Audaciously stylish and visually mesmerizing, Life Is Cheap aims to evoke the uncertain mood of present-day Hong Kong as viewed from the perspective of an Asian-American naif. Director Wayne Wang’s tart take on the conundrum of Chinese identity has all the narrative logic of a tilted pinball machine.
Screenwriter-star Spencer Nakasako is a half-Chinese, half-Japanese, all-American stablehand from San Francisco who has agreed to act as a courier for a San Francisco Triad, the Chinese mafia, in return for an all-expenses-paid sojourn in Hong Kong. The black-Stetsoned, cowboy-booted hero wants to see the legendary port before its takeover by China. In the wake of Tiananmen Square, it’s a city of ’51/2 million sitting ducks’.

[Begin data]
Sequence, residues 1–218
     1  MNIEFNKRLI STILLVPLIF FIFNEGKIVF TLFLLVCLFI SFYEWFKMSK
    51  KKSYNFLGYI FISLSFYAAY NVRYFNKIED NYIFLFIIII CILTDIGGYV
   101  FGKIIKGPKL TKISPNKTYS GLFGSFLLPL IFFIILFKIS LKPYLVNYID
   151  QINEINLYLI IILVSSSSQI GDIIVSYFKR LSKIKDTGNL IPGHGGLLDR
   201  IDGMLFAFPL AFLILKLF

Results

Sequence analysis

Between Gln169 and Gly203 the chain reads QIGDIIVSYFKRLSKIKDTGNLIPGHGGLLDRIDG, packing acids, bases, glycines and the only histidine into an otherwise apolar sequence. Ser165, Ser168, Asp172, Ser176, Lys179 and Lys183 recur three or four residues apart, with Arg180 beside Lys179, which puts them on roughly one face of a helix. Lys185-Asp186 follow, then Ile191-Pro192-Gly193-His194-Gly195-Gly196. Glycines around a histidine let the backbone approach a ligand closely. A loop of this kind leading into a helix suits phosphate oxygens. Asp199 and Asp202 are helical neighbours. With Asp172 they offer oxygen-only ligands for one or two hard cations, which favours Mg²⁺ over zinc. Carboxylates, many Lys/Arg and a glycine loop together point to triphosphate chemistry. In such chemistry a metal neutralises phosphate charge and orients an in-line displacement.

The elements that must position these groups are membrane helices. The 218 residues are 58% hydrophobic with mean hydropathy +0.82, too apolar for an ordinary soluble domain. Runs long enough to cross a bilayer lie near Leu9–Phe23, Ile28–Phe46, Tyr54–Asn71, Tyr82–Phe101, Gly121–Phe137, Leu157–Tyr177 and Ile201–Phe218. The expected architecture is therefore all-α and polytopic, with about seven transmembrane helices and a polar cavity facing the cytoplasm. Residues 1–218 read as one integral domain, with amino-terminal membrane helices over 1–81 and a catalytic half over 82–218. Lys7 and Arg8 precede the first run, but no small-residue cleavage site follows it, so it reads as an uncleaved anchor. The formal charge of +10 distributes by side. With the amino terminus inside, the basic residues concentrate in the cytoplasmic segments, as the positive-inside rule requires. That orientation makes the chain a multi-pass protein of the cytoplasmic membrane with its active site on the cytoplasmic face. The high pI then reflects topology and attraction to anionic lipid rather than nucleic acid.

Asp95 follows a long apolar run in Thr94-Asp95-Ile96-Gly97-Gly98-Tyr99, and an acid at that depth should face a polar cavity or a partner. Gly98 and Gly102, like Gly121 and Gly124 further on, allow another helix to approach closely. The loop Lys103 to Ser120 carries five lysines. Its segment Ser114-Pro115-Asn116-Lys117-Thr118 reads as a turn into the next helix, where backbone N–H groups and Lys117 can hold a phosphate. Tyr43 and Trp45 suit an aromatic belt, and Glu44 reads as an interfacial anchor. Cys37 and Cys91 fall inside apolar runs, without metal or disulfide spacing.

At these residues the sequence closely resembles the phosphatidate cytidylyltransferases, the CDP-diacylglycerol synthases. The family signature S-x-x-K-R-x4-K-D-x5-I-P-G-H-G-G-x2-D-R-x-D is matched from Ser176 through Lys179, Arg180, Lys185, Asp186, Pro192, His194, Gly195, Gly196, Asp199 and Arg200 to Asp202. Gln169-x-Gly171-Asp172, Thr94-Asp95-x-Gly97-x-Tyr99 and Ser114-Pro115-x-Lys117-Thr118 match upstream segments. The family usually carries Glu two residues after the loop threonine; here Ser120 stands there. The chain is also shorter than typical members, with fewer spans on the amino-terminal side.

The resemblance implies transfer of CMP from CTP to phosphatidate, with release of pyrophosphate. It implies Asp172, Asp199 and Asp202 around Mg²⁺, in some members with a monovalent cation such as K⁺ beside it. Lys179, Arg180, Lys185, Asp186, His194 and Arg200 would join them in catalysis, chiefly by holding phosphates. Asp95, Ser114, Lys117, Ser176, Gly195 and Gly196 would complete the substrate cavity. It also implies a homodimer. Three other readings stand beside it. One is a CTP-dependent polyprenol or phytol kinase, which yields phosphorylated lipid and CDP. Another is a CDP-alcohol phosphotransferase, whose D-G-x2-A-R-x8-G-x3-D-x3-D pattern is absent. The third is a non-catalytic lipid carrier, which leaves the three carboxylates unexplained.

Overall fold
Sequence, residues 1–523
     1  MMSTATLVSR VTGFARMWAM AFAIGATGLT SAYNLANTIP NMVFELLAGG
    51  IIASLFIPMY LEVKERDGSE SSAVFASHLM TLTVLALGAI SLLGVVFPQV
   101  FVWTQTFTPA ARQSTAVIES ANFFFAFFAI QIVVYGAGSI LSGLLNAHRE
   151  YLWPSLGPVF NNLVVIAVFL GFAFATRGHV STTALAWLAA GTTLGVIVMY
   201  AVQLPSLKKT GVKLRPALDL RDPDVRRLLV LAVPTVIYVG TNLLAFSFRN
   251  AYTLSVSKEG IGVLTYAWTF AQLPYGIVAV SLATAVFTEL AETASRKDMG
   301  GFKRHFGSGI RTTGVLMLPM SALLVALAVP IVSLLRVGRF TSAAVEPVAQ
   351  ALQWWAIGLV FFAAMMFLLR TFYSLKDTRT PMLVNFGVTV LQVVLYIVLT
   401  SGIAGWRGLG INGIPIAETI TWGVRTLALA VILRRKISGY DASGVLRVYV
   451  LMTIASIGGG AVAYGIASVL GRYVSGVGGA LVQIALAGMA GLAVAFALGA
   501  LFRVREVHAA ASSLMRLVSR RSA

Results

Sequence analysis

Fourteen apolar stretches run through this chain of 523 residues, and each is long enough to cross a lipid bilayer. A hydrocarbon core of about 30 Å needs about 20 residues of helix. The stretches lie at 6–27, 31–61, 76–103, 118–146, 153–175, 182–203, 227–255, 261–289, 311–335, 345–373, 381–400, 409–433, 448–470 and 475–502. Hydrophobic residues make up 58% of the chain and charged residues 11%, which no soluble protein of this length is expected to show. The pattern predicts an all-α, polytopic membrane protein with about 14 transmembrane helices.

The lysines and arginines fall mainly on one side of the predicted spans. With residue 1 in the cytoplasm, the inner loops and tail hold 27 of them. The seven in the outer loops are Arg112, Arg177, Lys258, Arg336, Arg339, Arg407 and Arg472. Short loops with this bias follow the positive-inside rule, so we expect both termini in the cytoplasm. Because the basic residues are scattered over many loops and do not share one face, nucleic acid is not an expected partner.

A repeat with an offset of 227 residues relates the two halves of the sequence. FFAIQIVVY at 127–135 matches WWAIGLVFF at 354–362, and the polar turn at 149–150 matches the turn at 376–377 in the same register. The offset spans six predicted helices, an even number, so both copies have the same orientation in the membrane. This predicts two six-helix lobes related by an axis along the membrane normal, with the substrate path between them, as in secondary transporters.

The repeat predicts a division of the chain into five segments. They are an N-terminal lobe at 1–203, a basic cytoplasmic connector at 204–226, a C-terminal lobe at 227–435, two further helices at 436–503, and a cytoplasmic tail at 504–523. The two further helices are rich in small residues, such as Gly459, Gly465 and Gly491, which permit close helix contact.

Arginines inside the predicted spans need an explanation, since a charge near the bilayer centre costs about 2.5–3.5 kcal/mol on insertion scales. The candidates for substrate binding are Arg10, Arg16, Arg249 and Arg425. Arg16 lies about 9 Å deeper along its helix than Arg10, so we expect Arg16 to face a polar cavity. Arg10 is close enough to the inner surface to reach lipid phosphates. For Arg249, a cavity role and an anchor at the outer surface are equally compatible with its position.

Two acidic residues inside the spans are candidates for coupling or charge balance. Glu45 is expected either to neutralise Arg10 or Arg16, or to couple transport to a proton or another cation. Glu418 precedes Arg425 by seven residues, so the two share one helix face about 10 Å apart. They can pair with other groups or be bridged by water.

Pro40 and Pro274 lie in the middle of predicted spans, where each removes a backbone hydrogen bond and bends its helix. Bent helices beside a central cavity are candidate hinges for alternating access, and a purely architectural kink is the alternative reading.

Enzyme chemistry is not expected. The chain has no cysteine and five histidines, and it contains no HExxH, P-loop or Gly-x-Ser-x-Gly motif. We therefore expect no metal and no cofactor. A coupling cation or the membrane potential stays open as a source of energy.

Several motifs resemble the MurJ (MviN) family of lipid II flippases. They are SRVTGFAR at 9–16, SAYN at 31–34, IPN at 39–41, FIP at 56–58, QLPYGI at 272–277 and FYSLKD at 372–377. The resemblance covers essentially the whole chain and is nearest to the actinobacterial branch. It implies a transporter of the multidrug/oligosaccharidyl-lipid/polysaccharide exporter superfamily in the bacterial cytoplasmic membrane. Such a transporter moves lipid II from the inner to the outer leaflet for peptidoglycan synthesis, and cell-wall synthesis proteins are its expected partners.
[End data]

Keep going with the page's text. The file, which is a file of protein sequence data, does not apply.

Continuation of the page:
Handcuffed to an attache case destined for the ‘Big Boss’ in Hong Kong, the hero seeks to unlock the enigma of ‘5,000 years of Chinese culture’. Wang skewers the lofty notion of Chinese self-superiority by populating his film with a widely variegated gallery of funny and flawed characters.